Guest Author - Tracey-Kay Caldwell
According to the United Nations, eight hundred fifty million people worldwide suffer from chronic malnutrition. You would think the four billion in food aid that America provides the world would go a long way to alleviating that hunger. However, because of inane regulations that benefit corporate America, most of the money never reaches the hungry of the world. According to the Government Accountability Office, sixty-five percent of federal food aid expenditures are not even spent on food. By law, the U.S. Agency for International Development and other federal agencies cannot write checks to feed the hungry. They must buy American-grown food from American conglomerates; seventy-five percent of the food must be shipped on American-flagged vessels. This is a good deal for domestic corporations, but it deprives the hungry of much needed food.
The amount of food delivered by United States aid programs has declined by more than 50 percent over the past five years, due to rising transportation and business costs.
State Department and Office of Management and Budget have been lobbying to convert some of the food aid to cash grants for years, and the White House seems to be listening. Congress is due to pass a new farm bill this fall, and Senator Tom Harkin (D-Iowa) has proposed a tiny pilot program to award one hundred million dollars in cash grants over four years. Sounds like a good idea? Well some people donít think so. No surprise, the program is opposed by shipping companies and agribusiness giants, such as Archer Daniels Midland. But it might surprise you to know that it also opposed by nongovernmental organizations (NGO) such as Feed the Children and the American Red Cross. The United States donates the food aid to the NGO aid groups as an indirect form of financing. The groups sell the products on the market in poor countries and use the money to finance their antipoverty programs. It amounts to about $180 million a year. The sale of food aid to generate cash for humanitarian programs is known as monetization.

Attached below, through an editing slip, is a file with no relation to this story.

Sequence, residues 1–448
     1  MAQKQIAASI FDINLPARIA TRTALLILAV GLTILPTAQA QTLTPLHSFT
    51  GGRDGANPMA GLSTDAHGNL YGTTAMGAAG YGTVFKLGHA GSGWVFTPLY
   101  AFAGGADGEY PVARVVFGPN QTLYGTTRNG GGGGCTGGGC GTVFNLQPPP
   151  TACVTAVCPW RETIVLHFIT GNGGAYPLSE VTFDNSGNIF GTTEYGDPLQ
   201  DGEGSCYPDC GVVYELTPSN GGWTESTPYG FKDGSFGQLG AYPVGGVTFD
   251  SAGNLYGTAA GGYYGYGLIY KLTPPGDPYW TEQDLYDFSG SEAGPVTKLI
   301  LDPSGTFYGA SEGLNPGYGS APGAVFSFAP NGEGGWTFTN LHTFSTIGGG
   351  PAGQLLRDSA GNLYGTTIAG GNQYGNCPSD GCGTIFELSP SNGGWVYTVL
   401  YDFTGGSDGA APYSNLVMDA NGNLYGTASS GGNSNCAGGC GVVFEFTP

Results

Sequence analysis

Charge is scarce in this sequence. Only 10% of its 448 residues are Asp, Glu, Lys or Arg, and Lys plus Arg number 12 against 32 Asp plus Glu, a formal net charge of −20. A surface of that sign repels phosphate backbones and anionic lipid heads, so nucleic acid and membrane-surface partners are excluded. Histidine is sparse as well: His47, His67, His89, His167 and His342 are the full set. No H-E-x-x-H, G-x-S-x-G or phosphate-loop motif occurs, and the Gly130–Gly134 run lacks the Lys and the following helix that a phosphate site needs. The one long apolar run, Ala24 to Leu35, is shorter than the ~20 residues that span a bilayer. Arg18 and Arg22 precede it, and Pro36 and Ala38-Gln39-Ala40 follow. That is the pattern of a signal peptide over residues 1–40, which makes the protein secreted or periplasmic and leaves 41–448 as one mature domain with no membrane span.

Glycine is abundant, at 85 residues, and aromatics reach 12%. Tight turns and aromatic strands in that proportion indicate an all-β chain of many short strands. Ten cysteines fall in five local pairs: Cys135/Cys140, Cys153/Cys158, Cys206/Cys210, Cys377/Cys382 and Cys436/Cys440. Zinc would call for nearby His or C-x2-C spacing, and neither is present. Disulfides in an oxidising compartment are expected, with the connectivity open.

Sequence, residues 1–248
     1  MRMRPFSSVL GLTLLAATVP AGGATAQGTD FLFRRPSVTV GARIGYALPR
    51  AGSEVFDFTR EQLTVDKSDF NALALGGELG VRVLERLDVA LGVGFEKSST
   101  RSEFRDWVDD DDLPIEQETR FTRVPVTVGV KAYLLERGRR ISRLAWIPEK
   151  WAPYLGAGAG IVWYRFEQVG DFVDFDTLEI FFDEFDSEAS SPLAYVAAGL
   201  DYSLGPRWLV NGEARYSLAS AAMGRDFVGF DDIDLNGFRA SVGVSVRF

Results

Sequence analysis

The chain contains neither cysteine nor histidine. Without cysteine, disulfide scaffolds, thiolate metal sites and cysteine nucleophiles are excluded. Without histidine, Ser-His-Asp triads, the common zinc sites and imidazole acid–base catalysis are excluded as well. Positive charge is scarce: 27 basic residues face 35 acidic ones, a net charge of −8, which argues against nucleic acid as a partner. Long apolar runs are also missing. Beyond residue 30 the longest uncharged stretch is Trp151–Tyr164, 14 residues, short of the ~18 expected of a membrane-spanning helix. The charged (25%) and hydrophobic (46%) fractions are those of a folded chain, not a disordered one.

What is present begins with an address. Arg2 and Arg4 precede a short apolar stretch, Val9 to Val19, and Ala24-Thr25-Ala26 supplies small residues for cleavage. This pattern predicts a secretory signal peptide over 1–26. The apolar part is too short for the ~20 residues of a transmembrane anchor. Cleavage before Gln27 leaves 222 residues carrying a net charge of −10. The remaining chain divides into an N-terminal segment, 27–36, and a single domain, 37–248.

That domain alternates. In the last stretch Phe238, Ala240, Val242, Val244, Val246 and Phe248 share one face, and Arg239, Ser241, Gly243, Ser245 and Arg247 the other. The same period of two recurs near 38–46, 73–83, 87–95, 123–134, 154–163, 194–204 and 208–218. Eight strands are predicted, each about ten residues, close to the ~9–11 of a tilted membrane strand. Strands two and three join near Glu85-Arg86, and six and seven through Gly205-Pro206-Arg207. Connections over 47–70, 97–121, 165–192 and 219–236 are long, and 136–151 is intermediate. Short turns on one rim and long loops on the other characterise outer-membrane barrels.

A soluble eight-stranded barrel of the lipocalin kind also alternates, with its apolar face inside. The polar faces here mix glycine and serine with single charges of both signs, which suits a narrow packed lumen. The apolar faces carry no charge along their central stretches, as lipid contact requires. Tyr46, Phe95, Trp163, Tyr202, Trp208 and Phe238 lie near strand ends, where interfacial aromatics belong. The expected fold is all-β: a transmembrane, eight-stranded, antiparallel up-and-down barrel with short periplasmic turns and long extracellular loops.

CARE and Catholic Relief Services, first and second in money raised through the current system of monetization, say they recover only seventy to eighty percent of what the United States paid for the commodities and shipping. Care has announced that it will phase out of the program, no longer accepting food aid from the program. Care explained that the three major problems with monetization are first, monetization requires intensive management and is fraught with risks. Procurement, shipping, commodity management, and commercial transactions are management intensive, costly, and fraught with legal and financial risks. Second, monetization is economically inefficient. Purchasing food in the United States, shipping it overseas, and then selling it to generate funds for food security programs is far less cost-effective than the logical alternative of simply providing cash to fund food security programs. Third, when monetization involves open-market sale of commodities to generate cash, which is usually the case, it inevitably causes commercial displacement. It can therefore be harmful to traders and local farmers, and can undermine the development of local markets, which is detrimental to longer-term food security objectives.
There are a lot of issues for Congress to consider in this years farm bill. Eliminating hunger in an efficient way ought to be its top priority. Senator Tom Harkin (D-Iowa) proposed pilot program will only consume a small portion of the total billís funding, but it is a program that could help us down the path to government that is more efficient.
Food Aid Reform